Pankration vs MMA: Pankration is a combat sport that originated in ancient Greece. It shares many similarities with MMA, but there are also some key differences.
Pankration is the oldest known combat sport in history, dating back to 648 BC. The term “pankration” comes from two Greek words: “pan,” meaning “all,” and “Kratos,” meaning “power.”. According to Homer, this word describes an epic battle between two warriors in The Iliad (Book XIX)
Pankration vs MMA: Ancient vs. modern!
Pankration techniques often involve ground submissions that force an opponent to give up, whereas knockout techniques dominate modern fighting. This change is due in part to the original goal of pankration—to subdue the opponent and win by forcing them to tap out or fall unconscious. To accomplish this, most of its techniques would target areas that wouldn’t kill an opponent outright or render them unable to fight back, like chokeholds or joint locks. The use of submissions and knockouts is still common in MMA today, although they are becoming less popular.
Much debate has been had about the best MMA boxing styles for long or close-range. Due to the number of factors involved, it is uncertain what the answer is, but surprisingly, it is not clear-cut either.
Long-range boxing consists of boxing with a lot of footwork. Boxers who use this style tend to have trained their entire lives on footwork. From a distance, their hands can avoid opposing their strikes more easily, and their punches appear faster than they are as they quickly get into and out of striking distance.
Close-range boxing is done by fighters who prefer to take the fight to the ground. Fighters who use this style rely on their mixed martial arts (MMA) training for takedowns, grappling, submissions, and takedown defense. They tend to lead with their body or head rather than punching with combinations. This fighting style has proven incredibly effective in MMA because it allows fighters to get into the clinch, where they can use their superior grappling skills to control their opponents while they strike with knees and elbows that can’t be blocked by gloves or forearms.
The most noted example of MMA success in long-range boxing is Georges St-Pierre. He has excellent.
During ancient times, pankration meant much more than just a sport or exercise. In harsh conditions (such as for soldiers) or without any other means of income, it was a way of life and survival. Fighters could also train for other martial arts, such as boxing and wrestling, with this method. In modern times, Pankration has evolved into MMA with the addition of several more techniques like takedowns, ground-and-pound strikes, and submissions (chokeholds). Both sports, however, share similar rules and techniques: punches, kicks, knees, and elbows can strike opponents as well as knock them down on the ground, whereas submission holds can dominate them until they submit.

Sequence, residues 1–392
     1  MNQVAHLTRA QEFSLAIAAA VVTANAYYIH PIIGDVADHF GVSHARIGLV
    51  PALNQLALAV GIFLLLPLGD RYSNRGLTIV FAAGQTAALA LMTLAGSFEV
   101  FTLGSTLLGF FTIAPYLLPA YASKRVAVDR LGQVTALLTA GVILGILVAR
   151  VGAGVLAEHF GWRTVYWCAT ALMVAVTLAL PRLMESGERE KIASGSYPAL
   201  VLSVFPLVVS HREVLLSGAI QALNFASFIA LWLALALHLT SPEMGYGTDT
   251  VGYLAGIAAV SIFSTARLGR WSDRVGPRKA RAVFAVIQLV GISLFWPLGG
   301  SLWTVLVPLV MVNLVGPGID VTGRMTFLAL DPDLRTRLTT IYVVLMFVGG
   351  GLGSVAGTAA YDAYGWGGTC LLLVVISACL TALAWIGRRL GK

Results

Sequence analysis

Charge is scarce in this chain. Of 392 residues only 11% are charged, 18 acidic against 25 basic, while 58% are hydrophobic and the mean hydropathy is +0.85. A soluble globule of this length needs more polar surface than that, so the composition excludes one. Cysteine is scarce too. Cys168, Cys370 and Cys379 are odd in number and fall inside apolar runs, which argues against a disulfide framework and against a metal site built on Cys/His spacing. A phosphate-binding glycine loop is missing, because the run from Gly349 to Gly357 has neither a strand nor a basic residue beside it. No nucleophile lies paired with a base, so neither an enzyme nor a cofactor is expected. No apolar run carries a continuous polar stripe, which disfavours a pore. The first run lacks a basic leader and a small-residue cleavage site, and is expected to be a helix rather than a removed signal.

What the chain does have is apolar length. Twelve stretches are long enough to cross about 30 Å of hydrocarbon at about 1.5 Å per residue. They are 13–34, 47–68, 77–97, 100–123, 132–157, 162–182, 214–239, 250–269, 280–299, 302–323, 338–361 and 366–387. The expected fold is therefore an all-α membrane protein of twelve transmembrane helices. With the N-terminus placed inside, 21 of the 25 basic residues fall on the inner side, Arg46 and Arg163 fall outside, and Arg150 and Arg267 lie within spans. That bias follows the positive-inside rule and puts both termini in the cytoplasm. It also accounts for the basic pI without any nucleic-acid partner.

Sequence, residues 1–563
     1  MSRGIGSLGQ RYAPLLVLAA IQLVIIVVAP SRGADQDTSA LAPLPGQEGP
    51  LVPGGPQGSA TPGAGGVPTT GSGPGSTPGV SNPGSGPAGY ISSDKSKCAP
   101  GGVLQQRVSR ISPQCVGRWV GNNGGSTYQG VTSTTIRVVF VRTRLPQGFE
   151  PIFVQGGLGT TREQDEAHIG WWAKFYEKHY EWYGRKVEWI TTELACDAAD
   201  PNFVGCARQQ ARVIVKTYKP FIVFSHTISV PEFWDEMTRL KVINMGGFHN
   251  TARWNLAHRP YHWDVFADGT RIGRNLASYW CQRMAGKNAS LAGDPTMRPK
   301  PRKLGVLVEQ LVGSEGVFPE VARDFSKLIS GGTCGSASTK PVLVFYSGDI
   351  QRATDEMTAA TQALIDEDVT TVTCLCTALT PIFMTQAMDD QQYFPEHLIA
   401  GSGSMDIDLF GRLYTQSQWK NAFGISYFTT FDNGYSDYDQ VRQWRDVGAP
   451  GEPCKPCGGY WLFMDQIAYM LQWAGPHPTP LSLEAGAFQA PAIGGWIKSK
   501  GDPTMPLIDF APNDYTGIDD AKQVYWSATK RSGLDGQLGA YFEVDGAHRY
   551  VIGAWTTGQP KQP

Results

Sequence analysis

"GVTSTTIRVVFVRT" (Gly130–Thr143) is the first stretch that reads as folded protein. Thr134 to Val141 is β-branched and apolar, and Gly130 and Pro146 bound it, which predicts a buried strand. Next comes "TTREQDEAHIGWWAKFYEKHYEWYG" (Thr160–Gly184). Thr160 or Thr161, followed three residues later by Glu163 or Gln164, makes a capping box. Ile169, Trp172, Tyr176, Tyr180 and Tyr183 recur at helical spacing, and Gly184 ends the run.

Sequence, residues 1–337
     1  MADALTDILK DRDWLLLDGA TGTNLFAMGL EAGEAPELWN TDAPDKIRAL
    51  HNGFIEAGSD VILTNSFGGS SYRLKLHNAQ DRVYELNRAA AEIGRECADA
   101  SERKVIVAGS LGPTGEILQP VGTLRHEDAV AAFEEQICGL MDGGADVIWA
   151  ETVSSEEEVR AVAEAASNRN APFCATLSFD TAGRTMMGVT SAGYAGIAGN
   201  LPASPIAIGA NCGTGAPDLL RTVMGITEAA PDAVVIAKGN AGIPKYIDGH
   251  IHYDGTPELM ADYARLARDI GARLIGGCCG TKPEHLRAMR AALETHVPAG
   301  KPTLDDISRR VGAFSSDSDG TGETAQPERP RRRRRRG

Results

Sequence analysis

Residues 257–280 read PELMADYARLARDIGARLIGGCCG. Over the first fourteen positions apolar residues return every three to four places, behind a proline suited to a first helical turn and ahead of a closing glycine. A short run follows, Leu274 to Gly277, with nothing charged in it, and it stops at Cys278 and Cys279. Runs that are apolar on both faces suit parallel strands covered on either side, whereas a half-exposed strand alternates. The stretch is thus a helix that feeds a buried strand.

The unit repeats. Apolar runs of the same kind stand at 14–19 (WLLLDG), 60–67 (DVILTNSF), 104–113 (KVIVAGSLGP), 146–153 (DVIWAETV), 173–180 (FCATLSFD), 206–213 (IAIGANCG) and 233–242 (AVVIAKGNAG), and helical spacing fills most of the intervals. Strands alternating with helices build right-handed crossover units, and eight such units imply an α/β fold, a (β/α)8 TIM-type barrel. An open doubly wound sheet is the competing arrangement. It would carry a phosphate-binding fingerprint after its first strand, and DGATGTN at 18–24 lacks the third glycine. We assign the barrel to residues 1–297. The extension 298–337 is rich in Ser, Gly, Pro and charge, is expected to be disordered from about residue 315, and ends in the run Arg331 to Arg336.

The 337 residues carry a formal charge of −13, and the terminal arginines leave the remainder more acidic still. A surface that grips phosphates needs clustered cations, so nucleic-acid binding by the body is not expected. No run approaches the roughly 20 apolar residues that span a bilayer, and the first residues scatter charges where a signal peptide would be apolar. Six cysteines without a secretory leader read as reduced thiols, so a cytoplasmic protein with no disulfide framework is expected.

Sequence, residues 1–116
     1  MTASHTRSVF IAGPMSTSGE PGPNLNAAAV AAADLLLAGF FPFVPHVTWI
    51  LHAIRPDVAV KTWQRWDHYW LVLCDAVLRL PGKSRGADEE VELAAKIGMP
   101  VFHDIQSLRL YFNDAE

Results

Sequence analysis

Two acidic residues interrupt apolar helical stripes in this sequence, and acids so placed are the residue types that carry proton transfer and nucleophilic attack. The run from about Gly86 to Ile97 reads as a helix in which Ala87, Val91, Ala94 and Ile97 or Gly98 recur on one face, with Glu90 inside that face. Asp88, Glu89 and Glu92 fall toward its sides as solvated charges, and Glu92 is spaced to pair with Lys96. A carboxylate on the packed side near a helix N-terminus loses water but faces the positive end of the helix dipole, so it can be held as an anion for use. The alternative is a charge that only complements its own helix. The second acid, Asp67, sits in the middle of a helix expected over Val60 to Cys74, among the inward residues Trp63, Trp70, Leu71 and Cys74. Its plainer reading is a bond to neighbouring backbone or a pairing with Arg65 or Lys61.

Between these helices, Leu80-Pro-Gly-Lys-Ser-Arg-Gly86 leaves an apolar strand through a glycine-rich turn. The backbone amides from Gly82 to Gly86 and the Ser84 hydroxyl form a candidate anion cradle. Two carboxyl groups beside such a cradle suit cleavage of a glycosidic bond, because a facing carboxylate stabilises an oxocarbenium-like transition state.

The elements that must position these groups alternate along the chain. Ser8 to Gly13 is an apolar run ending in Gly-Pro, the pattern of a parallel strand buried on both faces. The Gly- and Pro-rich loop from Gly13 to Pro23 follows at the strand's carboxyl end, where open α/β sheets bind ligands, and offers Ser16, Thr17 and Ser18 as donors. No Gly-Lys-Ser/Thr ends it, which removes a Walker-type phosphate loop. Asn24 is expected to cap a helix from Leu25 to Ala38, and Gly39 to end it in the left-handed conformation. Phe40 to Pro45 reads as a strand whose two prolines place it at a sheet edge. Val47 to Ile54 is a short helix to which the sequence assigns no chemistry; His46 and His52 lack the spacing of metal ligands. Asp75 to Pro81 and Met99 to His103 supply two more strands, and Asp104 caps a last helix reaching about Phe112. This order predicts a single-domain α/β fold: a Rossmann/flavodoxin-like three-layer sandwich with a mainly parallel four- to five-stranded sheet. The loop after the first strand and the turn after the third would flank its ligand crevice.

Pankration is often referred to as the “original” MMA. Pankration techniques typically involve practitioners fighting on the mat, but they also include standing strikes. It has been around for quite some time—it was an Olympic sport back in the day and had its own set of rules separate from boxing and wrestling. It’s no surprise that many of today’s top mixed martial artists have mixed martial arts training in their background, whether it comes from grappling or striking arts such as pankration or jiu-jitsu.
Pankration has been gaining a lot of buzz lately in MMA circles as the combat sport’s “lost art.”. Pankration was a brutal fighting sport back at the dawn of time before there was MMA, boxing gloves, or even weight classes. The ancient Greeks would use almost every part of their body to fight – even using submission techniques on the ground to force their opponent to submit. But how does pankration compare to modern-day MMA?
Are Pankration Techniques Better than MMA?
Pankration, which literally translates to “all powers,” is a sport that has been around since Ancient Greece. It was famous throughout the country and became a part of the Olympic Games in 648 BC. The sport was made legal again in Greece in 1997, where pankration matches have taken place.
Pankration is a combat sport that involves both striking and grappling techniques on the ground. Fighters can use punches, kicks, knees, and elbows when standing up and can also use chokes, holds, and throws to gain control. When fighters are on the ground, they can throw punches but can’t kick or knee their opponents. Instead, they must focus on chokes, holds, and submission techniques that cause pain and force their opponents to submit.